What Microsoft owes customers, and answers to other 'WannaCry' questions

What Microsoft owes customers, and answers to other 'WannaCry' questions

Patch experts weigh in on May's ransomware attack and Microsoft's response

A month ago, Microsoft took the unprecedented step of issuing security patches for Windows XP, an edition supposedly interred in Support Cemetery more than three years ago.

The decision to help aged personal computers running Windows XP -- as well as also-retired Windows 8 and Windows Server 2003 -- was intended to slow the spread of the "WannaCry" ransomware, which encrypted files on hundreds of thousands of PCs worldwide.

The cyber criminals than tried to extort payments from the machines' owners in return for unlocking the files.

WannaCry's rapid spread was credited to its exploit of a Windows vulnerability, one that Microsoft had patched in March on still-supported versions, such as Windows 7 and Windows Server 2008.

But after WannaCry wreaked its havoc and Microsoft reversed its long-standing policy against free fixes for older operating systems, Computerworld had questions, both about the criticism aimed at seemingly every party except the attackers, as well as what Microsoft's release of patches portended.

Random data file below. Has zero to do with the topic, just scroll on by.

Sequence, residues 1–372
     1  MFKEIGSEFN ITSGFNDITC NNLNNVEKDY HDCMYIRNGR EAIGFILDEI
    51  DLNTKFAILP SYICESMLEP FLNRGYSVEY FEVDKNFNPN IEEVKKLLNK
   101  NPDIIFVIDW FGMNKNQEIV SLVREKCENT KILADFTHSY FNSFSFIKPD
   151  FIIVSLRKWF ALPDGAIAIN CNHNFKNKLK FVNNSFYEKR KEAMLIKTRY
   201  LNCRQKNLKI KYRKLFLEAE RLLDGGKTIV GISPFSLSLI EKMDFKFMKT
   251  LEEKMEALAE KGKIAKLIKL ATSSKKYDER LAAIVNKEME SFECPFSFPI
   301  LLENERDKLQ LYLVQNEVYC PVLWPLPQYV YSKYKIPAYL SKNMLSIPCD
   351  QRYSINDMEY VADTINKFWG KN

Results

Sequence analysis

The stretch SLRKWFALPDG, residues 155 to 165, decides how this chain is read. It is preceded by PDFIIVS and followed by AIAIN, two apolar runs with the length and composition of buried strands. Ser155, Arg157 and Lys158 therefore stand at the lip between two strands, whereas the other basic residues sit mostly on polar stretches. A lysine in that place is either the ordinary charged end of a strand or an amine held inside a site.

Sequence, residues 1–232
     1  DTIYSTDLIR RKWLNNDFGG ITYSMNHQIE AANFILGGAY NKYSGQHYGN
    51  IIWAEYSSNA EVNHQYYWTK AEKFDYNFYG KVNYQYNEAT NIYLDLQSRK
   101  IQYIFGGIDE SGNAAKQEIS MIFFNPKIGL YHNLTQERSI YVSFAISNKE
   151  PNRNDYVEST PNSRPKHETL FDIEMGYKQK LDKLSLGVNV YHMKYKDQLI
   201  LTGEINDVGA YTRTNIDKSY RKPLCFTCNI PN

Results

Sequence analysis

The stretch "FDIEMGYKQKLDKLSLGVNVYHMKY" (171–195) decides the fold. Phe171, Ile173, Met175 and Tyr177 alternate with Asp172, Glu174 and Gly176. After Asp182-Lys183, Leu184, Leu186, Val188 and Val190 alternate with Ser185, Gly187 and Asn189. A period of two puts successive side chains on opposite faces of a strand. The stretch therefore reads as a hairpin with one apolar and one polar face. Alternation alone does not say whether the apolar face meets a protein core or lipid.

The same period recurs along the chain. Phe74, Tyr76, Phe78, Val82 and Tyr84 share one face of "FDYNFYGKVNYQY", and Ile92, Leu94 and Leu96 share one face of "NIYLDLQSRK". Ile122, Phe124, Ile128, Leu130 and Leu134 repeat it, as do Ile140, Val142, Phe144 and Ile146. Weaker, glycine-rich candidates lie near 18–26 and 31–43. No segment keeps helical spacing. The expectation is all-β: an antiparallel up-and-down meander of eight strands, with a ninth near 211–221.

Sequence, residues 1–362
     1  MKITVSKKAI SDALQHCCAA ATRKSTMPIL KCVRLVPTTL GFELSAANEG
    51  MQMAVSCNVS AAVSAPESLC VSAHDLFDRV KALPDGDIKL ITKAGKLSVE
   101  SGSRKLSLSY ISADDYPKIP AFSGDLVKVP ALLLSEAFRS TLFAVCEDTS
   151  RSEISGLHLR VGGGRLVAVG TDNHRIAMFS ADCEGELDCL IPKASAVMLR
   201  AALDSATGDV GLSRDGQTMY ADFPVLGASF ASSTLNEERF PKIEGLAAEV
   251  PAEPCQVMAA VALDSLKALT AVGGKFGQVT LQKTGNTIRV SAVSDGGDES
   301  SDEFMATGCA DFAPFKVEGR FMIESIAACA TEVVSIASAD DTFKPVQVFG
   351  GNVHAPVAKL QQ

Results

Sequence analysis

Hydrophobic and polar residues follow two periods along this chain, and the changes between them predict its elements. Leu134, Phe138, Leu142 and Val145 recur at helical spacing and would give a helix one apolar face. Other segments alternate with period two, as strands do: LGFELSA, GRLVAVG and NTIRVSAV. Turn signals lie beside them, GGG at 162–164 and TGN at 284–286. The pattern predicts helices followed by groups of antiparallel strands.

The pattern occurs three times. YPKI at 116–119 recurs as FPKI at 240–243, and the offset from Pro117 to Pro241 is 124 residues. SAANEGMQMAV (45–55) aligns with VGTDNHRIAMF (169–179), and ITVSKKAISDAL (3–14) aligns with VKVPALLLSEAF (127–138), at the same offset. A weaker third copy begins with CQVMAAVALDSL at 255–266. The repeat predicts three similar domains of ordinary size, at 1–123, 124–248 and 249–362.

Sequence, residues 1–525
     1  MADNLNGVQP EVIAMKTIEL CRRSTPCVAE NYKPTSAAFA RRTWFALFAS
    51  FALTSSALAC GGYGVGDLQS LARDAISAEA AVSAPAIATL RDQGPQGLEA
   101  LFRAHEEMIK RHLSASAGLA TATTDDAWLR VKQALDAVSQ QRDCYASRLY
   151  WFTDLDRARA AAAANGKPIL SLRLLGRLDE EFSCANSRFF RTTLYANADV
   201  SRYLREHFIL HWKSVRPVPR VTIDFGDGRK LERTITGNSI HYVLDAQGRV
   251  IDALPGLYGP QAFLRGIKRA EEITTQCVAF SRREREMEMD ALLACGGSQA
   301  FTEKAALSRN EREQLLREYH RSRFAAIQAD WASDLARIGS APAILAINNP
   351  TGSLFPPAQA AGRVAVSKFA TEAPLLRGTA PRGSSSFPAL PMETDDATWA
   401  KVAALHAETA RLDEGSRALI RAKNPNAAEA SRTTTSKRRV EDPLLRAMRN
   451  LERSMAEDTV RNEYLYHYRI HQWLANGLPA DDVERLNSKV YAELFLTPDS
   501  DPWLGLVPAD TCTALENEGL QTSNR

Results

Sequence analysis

Computerworld put those questions to two patch experts: Susan Bradley, a computer network and security consultant known for her writing on Windows patching processes in the Windows Secrets newsletter; and Chris Goettl, product manager with patch management vendor Ivanti.

Their responses have been edited for length.

What does Microsoft owe users of retired products when a serious event occurs, as with WannaCry? Does it owe them patches in most cases? Every case? Some have argued that it does.

BRADLEY: I don't think Microsoft owes us patches. We have a clear support statement. We can purchase support if we choose to. We clearly have decided that the risk of being unsupported was acceptable. We made the decision. Now we are paying the price (literally, in some cases).

GOETTL: In the case of retired software, Microsoft doesn't owe their customers anything. One of the challenges of being a vendor is that you do need to move your products forward, and maintaining old platforms becomes a resource drag, acting like a sea anchor. Anyone who wants to stay on an older platform can, and Microsoft has created extended support programs for customers who wish to keep those platforms secure.

Post-WannaCry, critics blamed, among others, IT administrators for allowing out-of-support systems to remain in use. What circumstances and conditions impede retiring older operating systems or products? Why do firms keep running, say, Windows XP, when everyone knows that they are insecure?

BRADLEY: A combination of lack of resources for upgrades, or there is no comparable product to upgrade to that gives you equivalent functionality. It takes time and resources to test and ensure that there is vendor support, ensuring that your current software works with it. [Or] the device may [run] Windows XP Embedded, and thus you have to buy a whole new device, not just upgrade the hardware.